Trainer Gabriela Mclain on Getting “The Woman King” Cast into Fighting Shape
Talk about reading the room: actress-producer Maria Bello pitched The Woman King directly to Viola Davis in 2015 while standing at the podium to present her with a Women Making History Award. Davis immediately embraced the fact-based story about General Nanisca, who, in the 1820s, led an army of fierce 19th-century women warriors from the West African kingdom of Dahomey (now Benin). On September 16, The Woman King opened with Davis in the title role alongside co-stars Thuso Mbedu, Lashana Lynch, and Sheila Atim as machete-wielding “Agojie” soldiers. The movie features rip-roaring fight sequences courtesy of director Gina Prince-Bythewood (The Old Guard), stunt/fight coordinator Daniel Hernandez, and lead cast trainer/nutritionist Gabriela Mclain.
“Everything is real,” says Mclain, who started working as Davis’ personal trainer about four years ago and now organizes her operations through her website. “It’s not CGI. We’re not trying to trick anybody. The actors put in so much dedication and heart and soul. To me, that makes them real superheroes.”
Speaking from her studio in Los Angeles, Mclain talks about DNA testing, on-set “pump-up” sessions, and the five-meal-a-day regimen that got The Woman King cast into fighting shape.
It’s startling to see Viola Davis in The Woman King as this muscular action hero not long after she portrayed blues singer Ma Rainey in a 300-pound fat suit. Now here she is swinging machetes in the jungles of West Africa. First of all, how did you help Viola with Ma Rainey, and secondly, how did you prepare her for The Woman King?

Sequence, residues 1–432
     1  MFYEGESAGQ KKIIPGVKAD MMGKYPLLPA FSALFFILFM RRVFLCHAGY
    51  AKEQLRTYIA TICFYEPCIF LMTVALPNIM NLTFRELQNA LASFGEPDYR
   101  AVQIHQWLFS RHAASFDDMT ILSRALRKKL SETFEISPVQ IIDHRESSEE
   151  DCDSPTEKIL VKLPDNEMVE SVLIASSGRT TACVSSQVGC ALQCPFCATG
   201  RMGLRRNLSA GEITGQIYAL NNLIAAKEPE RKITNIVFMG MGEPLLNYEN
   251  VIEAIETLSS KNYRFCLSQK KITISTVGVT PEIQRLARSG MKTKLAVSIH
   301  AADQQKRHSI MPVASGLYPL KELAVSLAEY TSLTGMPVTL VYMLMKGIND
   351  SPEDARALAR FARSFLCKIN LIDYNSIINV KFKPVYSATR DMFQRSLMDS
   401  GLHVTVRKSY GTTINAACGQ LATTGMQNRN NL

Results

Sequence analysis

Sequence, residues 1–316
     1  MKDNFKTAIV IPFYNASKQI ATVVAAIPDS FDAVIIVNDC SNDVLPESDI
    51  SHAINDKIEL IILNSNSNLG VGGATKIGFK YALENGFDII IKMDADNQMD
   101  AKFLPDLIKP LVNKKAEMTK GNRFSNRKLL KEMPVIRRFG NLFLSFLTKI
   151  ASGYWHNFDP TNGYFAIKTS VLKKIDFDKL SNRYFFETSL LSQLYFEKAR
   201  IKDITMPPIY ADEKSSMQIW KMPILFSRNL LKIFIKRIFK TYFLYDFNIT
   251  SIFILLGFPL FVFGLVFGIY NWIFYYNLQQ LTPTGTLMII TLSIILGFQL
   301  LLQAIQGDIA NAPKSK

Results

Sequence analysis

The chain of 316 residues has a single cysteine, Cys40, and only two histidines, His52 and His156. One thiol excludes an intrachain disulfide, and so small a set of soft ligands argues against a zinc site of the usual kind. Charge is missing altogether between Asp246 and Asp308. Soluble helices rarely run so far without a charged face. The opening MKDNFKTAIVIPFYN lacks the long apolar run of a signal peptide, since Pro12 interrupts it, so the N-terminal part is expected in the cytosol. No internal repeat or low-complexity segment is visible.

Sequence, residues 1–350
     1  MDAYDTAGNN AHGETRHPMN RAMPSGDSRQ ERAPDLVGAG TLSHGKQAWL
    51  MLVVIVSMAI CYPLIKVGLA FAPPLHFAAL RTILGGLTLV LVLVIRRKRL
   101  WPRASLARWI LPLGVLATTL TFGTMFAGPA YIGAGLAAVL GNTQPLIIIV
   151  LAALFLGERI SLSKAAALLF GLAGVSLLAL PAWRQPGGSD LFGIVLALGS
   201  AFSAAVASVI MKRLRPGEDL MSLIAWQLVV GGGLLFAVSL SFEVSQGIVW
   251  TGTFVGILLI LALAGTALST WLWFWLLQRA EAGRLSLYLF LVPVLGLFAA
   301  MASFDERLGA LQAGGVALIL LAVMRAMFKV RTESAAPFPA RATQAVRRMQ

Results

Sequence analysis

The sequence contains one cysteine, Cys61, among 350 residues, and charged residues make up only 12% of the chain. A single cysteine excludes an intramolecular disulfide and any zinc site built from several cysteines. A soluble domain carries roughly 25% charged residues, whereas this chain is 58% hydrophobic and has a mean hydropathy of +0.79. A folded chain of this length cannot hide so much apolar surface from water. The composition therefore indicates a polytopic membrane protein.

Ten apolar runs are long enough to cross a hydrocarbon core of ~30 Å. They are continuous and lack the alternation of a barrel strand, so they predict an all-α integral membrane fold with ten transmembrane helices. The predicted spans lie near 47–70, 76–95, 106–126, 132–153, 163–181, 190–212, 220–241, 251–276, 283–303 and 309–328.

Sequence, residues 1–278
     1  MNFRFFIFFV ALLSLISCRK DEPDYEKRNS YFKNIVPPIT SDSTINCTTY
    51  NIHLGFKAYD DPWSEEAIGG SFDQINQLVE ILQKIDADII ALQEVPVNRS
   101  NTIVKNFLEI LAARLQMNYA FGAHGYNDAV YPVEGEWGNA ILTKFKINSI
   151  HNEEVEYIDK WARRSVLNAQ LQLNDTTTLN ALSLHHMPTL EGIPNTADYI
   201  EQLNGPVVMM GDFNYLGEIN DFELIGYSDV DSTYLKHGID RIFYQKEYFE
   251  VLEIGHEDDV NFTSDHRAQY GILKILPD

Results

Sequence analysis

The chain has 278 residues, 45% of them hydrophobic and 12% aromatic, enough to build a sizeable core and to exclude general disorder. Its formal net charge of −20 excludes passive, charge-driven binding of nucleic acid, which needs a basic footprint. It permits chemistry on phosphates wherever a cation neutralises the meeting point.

Well, I didn’t have to help Viola with Ma Rainey. It was just telling her to eat eat eat, let’s not work out too hard, let’s not burn too many calories. But after Ma Rainey, we wanted to get her body back to shape and lose that weight because she was about 40 pounds over.
How did you do that?
Six days a week, it was morning sprints for an hour and a half. Then she’d go to martial arts with Danny Hernandez, who created the choreography. Then she’d come back to me for two hours of strength training with heavy weights.
You’re a nutritionist as well as a trainer. What kind of diet did you create for Viola?
I designed a plan, five meals a day. For breakfast, an egg, maybe sausage. Then she’d have a snack: vegetables or little chicken strips. Then lunch: quinoa and salmon. Then another snack like the previous one, or a protein shake to protect her muscles. And then dinner was similar to lunch. Also, Viola was forced to drink one gallon of water a day.